In that dark situation in March of 2020 I wrote everyone a letter saying, “While there is an understandable tendency in crises to hunker down and hoard, the Christian tradition insists that we are better off confronting adversity with open hands.” I will always be proud of you that in these years where there were more and more clenched fists, where we were surrounded by so much fear and anger, we faced it all with open hands and love. That you could do this is a testimony to your faith and courage. And of all the lessons there are to learn from this era, the one I admonish you to remember is this: many people say that true strength looks like anger and hatred, that power looks like a clenched fist, that love is soft, weak, and ineffective, that the world is simply too dangerous to entrust ourselves to love. You, however, have seen otherwise, you have witnessed what the strength, power, and force of Christ’s love, what happens when adversity is faced with courage, faith, and open hands.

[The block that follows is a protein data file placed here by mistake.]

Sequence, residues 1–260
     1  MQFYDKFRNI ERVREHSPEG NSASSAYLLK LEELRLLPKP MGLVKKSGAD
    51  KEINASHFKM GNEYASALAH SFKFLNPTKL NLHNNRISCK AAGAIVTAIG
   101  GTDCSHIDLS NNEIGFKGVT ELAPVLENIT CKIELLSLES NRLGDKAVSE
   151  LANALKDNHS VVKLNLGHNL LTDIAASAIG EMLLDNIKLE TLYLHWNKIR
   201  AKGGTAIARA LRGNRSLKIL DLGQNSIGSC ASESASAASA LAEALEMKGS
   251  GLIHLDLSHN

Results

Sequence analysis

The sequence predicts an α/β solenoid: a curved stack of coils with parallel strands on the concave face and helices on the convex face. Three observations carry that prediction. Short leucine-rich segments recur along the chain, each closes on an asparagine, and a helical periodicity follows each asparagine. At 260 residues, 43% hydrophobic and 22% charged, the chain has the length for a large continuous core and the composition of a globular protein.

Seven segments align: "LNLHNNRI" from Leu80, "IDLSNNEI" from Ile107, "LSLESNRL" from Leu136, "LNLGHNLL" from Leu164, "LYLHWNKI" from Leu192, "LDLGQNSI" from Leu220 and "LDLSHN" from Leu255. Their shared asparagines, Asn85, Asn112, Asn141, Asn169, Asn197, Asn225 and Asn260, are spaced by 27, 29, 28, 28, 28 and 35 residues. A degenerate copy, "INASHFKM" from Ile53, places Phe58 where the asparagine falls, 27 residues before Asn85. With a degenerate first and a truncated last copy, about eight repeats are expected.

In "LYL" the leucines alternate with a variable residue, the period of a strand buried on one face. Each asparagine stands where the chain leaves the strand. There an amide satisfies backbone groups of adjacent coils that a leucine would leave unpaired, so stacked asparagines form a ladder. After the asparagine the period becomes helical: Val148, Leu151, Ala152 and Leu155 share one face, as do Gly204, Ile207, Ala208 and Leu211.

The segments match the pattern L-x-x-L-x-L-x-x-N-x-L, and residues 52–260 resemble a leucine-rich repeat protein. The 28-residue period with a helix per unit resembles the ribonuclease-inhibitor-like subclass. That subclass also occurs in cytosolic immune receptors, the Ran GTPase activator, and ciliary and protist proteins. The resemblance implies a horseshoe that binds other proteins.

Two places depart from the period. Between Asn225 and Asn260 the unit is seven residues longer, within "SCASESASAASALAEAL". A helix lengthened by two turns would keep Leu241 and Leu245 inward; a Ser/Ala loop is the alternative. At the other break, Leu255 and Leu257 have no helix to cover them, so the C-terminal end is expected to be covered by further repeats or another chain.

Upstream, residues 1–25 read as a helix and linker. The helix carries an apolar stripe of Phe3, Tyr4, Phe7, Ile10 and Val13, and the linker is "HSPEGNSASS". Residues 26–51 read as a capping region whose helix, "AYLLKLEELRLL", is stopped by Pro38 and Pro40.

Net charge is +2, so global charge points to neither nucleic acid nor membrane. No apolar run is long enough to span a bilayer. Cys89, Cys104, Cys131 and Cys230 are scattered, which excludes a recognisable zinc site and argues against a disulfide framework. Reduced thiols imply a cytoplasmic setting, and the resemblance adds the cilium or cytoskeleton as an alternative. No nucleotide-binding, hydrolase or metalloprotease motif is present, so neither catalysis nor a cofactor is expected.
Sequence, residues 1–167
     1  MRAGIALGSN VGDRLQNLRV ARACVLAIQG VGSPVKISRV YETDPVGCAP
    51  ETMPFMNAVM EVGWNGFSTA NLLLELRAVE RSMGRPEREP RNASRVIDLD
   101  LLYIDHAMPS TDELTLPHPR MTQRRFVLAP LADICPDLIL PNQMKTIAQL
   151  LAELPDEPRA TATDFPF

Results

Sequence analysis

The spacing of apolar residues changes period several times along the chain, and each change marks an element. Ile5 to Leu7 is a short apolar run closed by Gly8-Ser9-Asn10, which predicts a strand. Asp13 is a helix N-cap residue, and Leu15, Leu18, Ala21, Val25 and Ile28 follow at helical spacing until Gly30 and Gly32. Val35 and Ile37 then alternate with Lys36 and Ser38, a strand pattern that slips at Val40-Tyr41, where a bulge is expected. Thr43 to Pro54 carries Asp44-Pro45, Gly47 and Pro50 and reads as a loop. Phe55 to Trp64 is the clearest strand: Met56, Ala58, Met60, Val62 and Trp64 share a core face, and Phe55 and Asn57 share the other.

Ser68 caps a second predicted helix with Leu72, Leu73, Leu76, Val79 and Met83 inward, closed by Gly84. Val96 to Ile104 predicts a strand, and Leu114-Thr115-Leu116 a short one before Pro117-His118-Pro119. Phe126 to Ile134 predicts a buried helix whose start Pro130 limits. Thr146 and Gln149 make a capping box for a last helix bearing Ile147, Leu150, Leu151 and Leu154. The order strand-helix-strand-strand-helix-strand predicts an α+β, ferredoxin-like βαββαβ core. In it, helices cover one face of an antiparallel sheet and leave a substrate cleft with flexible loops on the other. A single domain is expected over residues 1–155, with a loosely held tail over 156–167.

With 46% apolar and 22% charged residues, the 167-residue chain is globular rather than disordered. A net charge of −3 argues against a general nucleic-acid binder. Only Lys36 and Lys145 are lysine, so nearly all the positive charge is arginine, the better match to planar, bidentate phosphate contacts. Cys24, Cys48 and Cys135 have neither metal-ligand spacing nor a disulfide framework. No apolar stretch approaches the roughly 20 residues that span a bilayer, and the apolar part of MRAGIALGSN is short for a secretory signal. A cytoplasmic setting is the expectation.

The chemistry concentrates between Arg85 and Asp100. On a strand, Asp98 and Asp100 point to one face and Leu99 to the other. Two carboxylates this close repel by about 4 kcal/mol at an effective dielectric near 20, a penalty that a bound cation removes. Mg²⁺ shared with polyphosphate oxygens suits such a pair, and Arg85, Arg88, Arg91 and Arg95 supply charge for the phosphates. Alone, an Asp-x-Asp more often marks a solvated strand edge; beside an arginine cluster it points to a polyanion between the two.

Let me remind you of a series of experiences we have had together that add up to something astonishing. There was never a break on our worship, we never missed a Sunday or a Holy Day. This is not normally something to brag about, but as soon as the building was not safe to worship in, parishioners were making videos on their phones in their homes of different parts of our normal worship and these were stitched together into a video posted on our website. We swiftly added music and hymns that improved week after week. It wasn’t long until choir members sang their individual parts into their phones and these individual voices were woven into a choir. Do you remember those first online coffee hours? That is when I really came to know many of you. Who would have ever expected an Episcopal church sending out Holy Communion in take-out bags? There was Zoom worship where we would do it all live. I saw your open hands as you would reach out to the edges of your virtual squares toward one another. I still get chills thinking about that 2020 Christmas Eve service, looking out into the cold darkness of that parking lot with all those individual cars and hearing the bells ringing out despite all. What joy there was that night when the images of the dancing angels in our church school’s video pageant appeared projected on the side of the building.